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Japanese trainer shares Naomi Osaka's method of coping with coronavirus: interview

Tennis player Naomi Osaka, right, holds the trophy with her trainer Yutaka Nakamura after winning the U.S. Open tennis championships in this photo provided by Nakamura in New York in September, 2020.

TOKYO -- Yutaka Nakamura, who has been the trainer of three-time Grand Slam winner Naomi Osaka since June, is supporting her through workout sessions in Los Angeles and going on tours with the tennis star.

    Nakamura, who has helped the growth of many star athletes including Kei Nishikori and Maria Sharapova as a trainer, spoke to the Mainichi Shimbun about how Naomi spends her time during tours and cutting-edge information useful even to the layperson amid the coronavirus pandemic.


    I've been working as a trainer for over 20 years, but this is the longest off-season I've ever experienced due to the effects of the novel coronavirus. After winning the U.S. Open tennis championships in September 2020, Naomi took a break for nearly two months and started training again in the beginning of November. Her Belgian coach Wim Fissette and I are staying at the home of Naomi who practices in Los Angeles, so we spend a lot of time together.

    Because she doesn't have any matches, Naomi can spend more time training, and we see it as a positive, since it's a chance to learn more about her physical condition and changes. Not being sure of tournament schedules due to the coronavirus is an anxiety factor, but we believe that it has not had an effect on her emotional ups and downs or motivation.

    Naomi Osaka's trainer Yutaka Nakamura is seen demonstrating during a lecture for tennis coaches at the Tennis Training Center in the city of Kashiwa, Chiba Prefecture, on Nov. 11, 2015. (Mainichi/Naoaki Hasegawa)

    Every day as I watch Naomi, I am surprised. She has a lot of different traits, like her side as a Japanese and a Black person, as well as an individual raised in the United States. To label and categorize that is so irrelevant. Or more precisely, she can be a lot of things, and I think that's what makes her special.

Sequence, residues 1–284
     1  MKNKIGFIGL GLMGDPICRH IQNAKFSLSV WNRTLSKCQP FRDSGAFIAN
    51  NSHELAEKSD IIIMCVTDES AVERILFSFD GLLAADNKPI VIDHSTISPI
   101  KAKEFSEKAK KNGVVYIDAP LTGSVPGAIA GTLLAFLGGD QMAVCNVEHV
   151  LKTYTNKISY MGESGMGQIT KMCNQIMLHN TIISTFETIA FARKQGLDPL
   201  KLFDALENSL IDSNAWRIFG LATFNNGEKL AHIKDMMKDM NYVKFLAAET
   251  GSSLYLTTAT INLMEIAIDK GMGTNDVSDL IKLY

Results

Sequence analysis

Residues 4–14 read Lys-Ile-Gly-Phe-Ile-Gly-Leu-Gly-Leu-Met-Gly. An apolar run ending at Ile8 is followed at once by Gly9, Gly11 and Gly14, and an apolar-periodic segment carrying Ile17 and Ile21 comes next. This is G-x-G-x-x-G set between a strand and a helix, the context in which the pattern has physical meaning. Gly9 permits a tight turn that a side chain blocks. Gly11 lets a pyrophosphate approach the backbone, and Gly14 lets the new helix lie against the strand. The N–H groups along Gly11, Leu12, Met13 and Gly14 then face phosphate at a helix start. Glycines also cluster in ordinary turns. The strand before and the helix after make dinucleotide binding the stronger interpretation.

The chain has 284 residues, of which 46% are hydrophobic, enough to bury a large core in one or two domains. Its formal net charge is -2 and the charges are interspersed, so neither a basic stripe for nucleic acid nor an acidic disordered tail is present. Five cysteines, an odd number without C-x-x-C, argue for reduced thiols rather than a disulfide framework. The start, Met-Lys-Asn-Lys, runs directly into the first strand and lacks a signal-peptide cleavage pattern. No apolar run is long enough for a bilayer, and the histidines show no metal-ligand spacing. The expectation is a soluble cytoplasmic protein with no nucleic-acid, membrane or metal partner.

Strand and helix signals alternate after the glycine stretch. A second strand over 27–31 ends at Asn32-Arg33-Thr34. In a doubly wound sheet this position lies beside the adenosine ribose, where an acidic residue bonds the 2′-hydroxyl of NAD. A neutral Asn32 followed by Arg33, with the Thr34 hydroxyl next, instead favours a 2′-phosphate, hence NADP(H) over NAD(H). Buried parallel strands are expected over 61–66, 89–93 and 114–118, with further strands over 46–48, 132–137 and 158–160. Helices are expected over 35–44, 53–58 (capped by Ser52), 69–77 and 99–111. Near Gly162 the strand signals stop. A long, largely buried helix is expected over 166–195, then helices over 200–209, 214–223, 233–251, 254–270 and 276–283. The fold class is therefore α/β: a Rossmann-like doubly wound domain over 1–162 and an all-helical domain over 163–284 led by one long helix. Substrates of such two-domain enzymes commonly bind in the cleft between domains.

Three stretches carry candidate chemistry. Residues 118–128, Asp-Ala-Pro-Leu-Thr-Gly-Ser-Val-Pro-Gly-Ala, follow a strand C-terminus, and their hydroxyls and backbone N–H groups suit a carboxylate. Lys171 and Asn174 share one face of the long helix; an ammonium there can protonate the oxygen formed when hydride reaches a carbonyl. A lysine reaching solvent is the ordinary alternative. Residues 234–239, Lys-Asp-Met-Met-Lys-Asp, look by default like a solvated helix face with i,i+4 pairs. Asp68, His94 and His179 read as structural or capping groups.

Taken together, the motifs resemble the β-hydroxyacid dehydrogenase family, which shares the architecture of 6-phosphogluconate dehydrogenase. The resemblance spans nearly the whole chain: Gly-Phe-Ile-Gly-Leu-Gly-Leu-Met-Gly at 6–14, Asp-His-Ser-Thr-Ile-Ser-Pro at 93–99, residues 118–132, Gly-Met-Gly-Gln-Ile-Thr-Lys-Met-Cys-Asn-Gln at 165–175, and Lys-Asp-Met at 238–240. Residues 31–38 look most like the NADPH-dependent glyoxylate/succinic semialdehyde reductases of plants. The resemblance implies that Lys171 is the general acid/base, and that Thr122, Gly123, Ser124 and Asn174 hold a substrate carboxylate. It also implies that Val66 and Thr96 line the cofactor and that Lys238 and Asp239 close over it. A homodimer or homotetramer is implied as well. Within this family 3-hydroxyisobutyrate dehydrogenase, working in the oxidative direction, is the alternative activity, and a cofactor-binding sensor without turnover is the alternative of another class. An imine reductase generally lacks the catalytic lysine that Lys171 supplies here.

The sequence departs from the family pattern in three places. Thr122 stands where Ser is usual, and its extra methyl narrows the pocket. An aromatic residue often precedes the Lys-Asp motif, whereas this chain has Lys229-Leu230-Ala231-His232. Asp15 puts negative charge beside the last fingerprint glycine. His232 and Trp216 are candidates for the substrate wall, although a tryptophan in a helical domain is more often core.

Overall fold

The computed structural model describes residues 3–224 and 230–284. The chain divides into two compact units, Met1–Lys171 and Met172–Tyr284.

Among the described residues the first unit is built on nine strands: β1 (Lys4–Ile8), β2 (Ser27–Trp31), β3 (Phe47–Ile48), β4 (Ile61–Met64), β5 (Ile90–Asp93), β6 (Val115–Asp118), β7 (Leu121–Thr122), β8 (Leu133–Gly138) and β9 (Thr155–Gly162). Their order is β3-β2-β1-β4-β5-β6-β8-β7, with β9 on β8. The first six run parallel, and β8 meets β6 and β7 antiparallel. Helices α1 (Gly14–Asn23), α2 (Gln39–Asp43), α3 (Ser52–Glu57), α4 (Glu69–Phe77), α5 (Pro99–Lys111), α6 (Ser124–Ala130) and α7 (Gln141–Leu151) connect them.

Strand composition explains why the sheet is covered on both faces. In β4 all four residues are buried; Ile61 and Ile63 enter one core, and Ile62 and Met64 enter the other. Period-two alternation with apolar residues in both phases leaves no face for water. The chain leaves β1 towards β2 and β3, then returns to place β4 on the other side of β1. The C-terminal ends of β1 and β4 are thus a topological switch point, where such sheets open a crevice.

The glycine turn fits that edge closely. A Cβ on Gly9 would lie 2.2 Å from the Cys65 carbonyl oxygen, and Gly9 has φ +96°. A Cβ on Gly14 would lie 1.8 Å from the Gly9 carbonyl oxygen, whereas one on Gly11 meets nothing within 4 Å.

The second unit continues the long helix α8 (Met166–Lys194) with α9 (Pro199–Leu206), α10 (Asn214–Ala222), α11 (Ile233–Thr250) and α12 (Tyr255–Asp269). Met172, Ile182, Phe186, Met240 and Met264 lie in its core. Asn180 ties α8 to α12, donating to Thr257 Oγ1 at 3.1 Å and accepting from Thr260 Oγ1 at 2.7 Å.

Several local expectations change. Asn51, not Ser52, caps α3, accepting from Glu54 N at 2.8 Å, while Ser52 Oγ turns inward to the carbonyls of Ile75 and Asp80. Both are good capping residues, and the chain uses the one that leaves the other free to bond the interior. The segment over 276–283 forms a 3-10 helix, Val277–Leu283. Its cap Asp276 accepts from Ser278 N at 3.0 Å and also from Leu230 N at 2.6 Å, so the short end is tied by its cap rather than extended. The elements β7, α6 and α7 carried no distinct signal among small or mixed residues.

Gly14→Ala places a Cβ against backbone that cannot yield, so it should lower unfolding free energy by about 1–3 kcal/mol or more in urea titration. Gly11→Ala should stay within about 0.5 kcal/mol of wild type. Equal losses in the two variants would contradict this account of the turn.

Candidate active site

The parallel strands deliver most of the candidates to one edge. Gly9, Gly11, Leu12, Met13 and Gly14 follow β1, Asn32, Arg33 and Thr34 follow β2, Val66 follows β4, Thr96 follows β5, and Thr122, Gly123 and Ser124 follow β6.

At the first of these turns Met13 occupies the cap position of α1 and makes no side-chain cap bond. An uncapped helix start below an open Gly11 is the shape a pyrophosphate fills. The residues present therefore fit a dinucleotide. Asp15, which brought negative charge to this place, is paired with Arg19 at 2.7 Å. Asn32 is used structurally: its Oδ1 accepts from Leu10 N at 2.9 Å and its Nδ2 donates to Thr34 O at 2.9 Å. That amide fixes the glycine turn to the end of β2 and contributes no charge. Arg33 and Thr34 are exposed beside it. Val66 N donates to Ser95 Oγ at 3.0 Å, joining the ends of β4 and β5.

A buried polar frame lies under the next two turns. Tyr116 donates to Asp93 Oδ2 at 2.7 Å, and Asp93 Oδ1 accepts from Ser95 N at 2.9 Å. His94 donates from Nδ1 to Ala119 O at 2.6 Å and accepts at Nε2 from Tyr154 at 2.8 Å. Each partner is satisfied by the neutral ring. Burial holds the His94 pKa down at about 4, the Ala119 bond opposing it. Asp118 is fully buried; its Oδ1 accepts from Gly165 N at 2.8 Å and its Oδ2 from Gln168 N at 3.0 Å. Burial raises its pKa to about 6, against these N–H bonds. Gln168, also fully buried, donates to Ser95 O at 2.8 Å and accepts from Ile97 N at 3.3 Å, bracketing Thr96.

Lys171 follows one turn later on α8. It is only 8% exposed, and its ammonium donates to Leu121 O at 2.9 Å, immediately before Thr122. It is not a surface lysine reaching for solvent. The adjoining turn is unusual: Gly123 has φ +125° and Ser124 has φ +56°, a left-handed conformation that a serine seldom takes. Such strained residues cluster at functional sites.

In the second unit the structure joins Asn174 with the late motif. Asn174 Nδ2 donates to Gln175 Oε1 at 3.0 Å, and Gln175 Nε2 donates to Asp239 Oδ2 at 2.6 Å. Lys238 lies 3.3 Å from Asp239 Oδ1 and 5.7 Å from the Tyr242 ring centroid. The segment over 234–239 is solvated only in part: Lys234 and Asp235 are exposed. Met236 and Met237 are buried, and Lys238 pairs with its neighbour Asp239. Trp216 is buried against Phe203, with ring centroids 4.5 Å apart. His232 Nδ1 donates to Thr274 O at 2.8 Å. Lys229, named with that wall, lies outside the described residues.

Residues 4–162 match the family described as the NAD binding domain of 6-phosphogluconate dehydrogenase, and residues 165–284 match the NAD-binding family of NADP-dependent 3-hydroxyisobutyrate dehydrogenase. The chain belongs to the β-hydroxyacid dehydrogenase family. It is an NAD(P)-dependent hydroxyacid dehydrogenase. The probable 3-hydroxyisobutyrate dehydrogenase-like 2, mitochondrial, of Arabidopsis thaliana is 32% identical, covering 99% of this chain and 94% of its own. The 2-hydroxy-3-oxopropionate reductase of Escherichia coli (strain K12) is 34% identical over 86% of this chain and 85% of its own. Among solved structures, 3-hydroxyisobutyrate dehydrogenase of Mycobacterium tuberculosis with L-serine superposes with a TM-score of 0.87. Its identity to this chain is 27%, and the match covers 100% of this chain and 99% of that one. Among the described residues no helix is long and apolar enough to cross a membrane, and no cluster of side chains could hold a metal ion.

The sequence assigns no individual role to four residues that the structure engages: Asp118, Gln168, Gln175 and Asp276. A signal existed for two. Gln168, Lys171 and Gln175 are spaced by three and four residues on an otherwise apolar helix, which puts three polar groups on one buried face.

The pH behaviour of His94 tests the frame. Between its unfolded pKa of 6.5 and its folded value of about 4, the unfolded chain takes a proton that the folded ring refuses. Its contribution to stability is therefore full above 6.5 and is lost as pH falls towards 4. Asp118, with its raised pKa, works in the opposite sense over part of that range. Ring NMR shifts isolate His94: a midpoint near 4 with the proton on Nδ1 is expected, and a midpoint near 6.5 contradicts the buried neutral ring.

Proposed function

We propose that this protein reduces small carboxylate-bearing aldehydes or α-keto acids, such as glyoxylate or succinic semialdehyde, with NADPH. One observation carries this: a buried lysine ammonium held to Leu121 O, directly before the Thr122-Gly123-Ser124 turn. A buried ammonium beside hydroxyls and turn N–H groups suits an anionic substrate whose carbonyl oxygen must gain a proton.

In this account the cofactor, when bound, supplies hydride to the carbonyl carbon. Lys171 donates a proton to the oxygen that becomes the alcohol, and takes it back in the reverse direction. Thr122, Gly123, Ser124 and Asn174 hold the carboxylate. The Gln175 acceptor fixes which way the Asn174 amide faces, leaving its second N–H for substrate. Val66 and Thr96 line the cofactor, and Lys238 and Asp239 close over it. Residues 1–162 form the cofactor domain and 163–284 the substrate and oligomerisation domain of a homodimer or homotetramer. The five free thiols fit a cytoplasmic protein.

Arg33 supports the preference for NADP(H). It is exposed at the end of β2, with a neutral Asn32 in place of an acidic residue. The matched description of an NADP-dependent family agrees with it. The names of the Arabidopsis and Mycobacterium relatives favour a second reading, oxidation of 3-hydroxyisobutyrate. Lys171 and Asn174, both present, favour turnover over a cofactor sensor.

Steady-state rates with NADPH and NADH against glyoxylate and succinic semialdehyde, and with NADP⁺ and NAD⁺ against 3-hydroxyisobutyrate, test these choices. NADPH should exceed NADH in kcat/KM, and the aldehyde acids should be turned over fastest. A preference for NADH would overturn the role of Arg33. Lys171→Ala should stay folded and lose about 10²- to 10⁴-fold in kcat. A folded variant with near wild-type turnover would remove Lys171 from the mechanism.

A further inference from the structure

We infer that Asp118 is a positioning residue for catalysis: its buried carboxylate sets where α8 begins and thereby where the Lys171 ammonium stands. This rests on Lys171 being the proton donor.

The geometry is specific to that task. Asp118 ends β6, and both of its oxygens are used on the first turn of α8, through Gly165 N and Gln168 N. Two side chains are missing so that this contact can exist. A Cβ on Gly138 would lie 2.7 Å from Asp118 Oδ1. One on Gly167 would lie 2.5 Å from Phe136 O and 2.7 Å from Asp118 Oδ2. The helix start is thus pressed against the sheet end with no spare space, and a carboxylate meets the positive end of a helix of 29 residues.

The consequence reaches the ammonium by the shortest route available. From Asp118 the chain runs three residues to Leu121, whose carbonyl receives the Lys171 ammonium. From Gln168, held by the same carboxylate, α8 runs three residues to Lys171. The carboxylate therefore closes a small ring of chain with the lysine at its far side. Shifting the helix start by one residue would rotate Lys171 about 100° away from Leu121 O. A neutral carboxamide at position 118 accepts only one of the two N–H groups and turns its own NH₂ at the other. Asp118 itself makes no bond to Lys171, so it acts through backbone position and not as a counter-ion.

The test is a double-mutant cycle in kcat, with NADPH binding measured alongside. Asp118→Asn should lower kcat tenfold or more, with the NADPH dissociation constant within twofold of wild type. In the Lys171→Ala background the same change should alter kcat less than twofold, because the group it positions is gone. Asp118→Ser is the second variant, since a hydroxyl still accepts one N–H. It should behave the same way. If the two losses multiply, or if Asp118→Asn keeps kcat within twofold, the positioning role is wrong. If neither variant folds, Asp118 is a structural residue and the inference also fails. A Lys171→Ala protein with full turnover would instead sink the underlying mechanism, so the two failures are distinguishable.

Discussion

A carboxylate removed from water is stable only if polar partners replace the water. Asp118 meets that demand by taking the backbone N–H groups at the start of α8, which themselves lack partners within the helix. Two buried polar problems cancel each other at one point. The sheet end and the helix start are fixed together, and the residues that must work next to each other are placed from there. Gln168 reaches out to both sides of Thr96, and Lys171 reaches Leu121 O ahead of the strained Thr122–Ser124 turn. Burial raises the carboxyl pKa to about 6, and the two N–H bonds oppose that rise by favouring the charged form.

Naomi is humble in a good way. I think there are people who love to talk about appearing in a fashion magazine or getting interviewed, but she never boasts -- she's a really humble person.

    Usually the tennis season is long, and tournaments continue after the U.S. Open tennis championships until late November in ordinary years. The Australian Open takes place in the New Year, and off-seasons normally last three to four weeks, but now players can rest for at least two months.

    I think there are many tennis players who aren't practicing in the way they usually do, because of the coronavirus crisis. In a world of "new normals," I think players should use this time to return to a blank slate and think about their true ideals.

    Before the pandemic, players were training amid a tight schedule of tournaments and were always swamped. It takes time to bring out the physical abilities and the talents of a player, and to change them physically. We have to look at things in the long run, and for that I think it is better that players make certain distinctions between work and their private lives.

    Tennis player Naomi Osaka poses for a photo during a press conference held in the city of Yokohama, Kanagawa Prefecture, on Sept. 13, 2018. (Mainichi/Tatsuya Fujii)

    There might be some people who are afraid to rest, but Naomi isn't scared in the least. She's better at taking breaks than Maria Sharapova. During breaks, there are days when Naomi exercises, but she basically stays away from tennis. Based on my experience, players can rest if they have the sense of giving it their all when they practice and play. I don't force Naomi to "do this and that" like homework when she's on break. Naomi has created her own rhythm, and I have to give advice when the timing is right.